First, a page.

The anodization process will also anodize much of the tantalum layer 39 to form tantalum oxide, however, not all of the tantalum will be so converted and, thus, an additional anodization step is performed in a 3% aqueous solution of ammonium citrate with a forming voltage of approximately 200 volts. This process may then be followed by steam oxidation to approximately 450 under the porous aluminum oxide layer 37 is converted to an insulative oxide 39. The photoresist pattern is then removed and the wafer is ready for a subsequent deposition of a second dielectric layer and so forth.
The refractory metal layer over the aluminum conductor material serves to suppress hillock formation and thus performs the same function as the hard anodic layers employed in the prior art. The refractory metal under the aluminum conductor and over the palladium or platinum silicide layers inhibits the tendency of the aluminum from diffusing into the silicon substrate thereby changing the characteristics of the silicide Schottky diode.
A third embodiment of the present invention is illustrated in FIG. 4. This embodiment is directed toward the application of the anodized refractory metal as a barrier between the silicide Schottky diode or contact and the aluminum metal on top thereof. In this embodiment via 42 is again opened in the silicon dioxide layer 41 on top of silicon substrate 40 and palladium or platinum is deposited over the entire structure. The wafer is then subjected to a sufficiently high temperature for the palladium or platinum to react to the silicon substrate to form silicide layer 44. The unreacted palladium or platinum is then wet chemically etched away. A tantalum (or other suitable refractory metal) thin layer 43 is then deposited over the dielectric layer and its via to a thickness of approximately 300 angstroms and aluminum layer 43 is then deposited thereover to a thickness of approximately 10,000 angstroms. Again, two depositions can be sequentially performed without a break in the vacuum chamber.
Aluminum layer 43 is then subjected to an anodization to form a thin porous oxide layer thereover so as to provide better adhesion for a later photoresist step. Aluminum layer 43 is then subjected to a hard anodization to form a hard anodic layer 46 on aluminum layer 43 to a thickness of approximately 1000 angstroms. The photoresist pattern is then formed on the surface where the metal conductors are to remain. The exposed hard anodic aluminum oxide layer is then wet chemically etched away to expose those portions of aluminum layer 43 to be subsequently anodized. Again, the exposed aluminum is anodized is a phosphoric or sulfuric solution to convert all the exposed aluminum to aluminum oxide. The underlying tantalum is converted to tantalum oxide as was described in relation to the embodiment in FIG. 3.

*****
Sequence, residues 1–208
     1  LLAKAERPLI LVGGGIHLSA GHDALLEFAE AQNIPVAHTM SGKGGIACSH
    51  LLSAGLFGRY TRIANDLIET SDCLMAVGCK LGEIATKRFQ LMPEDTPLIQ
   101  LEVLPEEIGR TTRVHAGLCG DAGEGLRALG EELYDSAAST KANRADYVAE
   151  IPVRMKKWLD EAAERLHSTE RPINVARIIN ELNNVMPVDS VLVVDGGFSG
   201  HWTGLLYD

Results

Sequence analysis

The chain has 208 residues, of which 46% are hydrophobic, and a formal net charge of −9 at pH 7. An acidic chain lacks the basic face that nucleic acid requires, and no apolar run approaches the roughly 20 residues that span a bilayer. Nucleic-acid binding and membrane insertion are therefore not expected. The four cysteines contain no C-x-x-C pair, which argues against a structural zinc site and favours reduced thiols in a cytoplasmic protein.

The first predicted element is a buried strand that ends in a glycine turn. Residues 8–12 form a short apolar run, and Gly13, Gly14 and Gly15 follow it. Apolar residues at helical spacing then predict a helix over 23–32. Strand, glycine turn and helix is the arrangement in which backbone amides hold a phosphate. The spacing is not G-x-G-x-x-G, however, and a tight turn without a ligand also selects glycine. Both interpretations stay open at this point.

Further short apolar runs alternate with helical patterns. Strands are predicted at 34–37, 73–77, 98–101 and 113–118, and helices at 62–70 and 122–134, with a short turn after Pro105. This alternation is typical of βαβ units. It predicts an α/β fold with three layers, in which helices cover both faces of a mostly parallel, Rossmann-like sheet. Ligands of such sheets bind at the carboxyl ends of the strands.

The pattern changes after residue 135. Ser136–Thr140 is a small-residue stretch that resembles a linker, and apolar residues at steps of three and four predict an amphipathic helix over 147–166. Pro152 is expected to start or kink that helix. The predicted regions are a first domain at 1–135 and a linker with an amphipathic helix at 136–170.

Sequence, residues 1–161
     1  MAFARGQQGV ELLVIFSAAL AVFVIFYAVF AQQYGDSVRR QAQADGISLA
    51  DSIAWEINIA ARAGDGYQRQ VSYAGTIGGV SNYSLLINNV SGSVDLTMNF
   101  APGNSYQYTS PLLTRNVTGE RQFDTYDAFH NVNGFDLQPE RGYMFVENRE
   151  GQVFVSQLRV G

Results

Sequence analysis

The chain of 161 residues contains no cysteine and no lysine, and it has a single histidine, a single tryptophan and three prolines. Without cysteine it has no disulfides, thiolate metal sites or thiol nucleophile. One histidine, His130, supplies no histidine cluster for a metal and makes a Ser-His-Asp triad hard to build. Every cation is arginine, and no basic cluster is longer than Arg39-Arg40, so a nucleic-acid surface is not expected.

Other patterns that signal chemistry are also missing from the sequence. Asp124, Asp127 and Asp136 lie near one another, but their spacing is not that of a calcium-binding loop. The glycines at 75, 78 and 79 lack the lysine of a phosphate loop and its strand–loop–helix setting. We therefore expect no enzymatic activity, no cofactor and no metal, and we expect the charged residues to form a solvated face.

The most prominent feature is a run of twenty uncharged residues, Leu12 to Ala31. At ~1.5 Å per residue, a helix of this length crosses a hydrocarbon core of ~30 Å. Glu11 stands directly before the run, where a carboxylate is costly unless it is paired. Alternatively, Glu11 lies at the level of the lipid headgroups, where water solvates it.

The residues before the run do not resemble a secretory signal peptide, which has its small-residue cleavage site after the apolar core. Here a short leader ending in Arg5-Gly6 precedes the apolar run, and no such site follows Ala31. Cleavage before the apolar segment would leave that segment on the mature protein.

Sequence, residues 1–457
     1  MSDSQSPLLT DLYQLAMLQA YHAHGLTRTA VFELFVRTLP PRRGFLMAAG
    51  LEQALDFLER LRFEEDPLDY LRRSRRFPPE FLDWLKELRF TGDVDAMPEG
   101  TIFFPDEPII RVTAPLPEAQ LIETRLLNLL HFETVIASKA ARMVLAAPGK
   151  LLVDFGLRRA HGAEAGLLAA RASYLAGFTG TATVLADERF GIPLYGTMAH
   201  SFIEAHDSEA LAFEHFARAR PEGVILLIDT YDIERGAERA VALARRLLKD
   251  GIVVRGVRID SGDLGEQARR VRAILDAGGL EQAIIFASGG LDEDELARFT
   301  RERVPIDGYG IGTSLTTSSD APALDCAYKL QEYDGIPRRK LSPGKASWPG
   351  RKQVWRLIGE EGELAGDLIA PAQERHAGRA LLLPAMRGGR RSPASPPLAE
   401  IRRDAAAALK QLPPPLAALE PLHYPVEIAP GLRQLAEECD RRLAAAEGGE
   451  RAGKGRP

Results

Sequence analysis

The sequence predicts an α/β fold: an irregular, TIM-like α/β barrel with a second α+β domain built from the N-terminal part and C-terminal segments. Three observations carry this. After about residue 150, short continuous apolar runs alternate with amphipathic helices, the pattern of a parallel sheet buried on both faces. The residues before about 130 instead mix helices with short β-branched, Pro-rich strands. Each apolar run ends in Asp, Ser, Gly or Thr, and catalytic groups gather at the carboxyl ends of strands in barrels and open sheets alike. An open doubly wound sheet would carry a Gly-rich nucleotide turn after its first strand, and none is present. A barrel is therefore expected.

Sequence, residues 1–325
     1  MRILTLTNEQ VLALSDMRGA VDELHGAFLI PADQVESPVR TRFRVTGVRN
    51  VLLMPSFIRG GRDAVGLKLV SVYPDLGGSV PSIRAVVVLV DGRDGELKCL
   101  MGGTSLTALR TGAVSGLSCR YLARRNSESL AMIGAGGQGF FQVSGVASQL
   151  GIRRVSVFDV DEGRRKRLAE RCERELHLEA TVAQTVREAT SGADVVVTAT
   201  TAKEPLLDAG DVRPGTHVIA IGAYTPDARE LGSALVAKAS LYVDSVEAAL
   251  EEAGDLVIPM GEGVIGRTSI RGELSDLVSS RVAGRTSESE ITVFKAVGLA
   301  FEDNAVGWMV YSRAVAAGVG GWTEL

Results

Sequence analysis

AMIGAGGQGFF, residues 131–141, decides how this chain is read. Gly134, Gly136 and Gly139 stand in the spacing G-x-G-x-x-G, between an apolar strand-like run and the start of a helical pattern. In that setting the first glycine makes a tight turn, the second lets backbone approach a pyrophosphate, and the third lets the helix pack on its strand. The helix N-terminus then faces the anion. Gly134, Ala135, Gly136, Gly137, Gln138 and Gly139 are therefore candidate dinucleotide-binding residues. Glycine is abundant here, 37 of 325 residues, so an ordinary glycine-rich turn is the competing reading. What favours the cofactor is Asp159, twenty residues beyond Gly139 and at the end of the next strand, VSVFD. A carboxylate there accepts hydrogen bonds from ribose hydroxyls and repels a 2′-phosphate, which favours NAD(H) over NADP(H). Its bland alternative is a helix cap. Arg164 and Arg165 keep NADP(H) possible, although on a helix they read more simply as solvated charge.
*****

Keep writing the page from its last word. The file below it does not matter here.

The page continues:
It will be appreciated that the above described interconnections can be employed with both MOS and Bipolar devices as well as with the amorphous semiconductors structures. Also, different aluminum alloys can be employed instead of aluminum.
An interconnect structure for an integrated circuit has been described, which structure does not require a hard anodization to prevent the formation of hillocks. The structure employs a refractory metal layer over the interconnecting metal layer and can also employ such a refractory metal layer under the interconnecting layer. In addition, Schottky diodes can be formed in the silicon substrate under the interconnect structure which diodes are formed of palladium or platinum silicide.
While only a few embodiments of the present invention have been described, it will be apparent to one skilled in the art that variations and modifications may be made therein without departing from the spirit and the scope of the invention as claimed.
The above and other objects, advantages and features of the present invention will become more readily apparent from a review of the following specification when taken in conjunction with the drawings wherein
FIG. 1 is a cross-sectional view of an electrical contact as employed in the prior art; and
FIGS. 2-4 are cross-sectional views of various embodiments of the present invention.
1. Field of the Invention
This invention relates to a metal interconnect system for integrated circuits and more particularly to such a system for circuits employing amorphous semiconductor devices.
2. Description of the Prior Art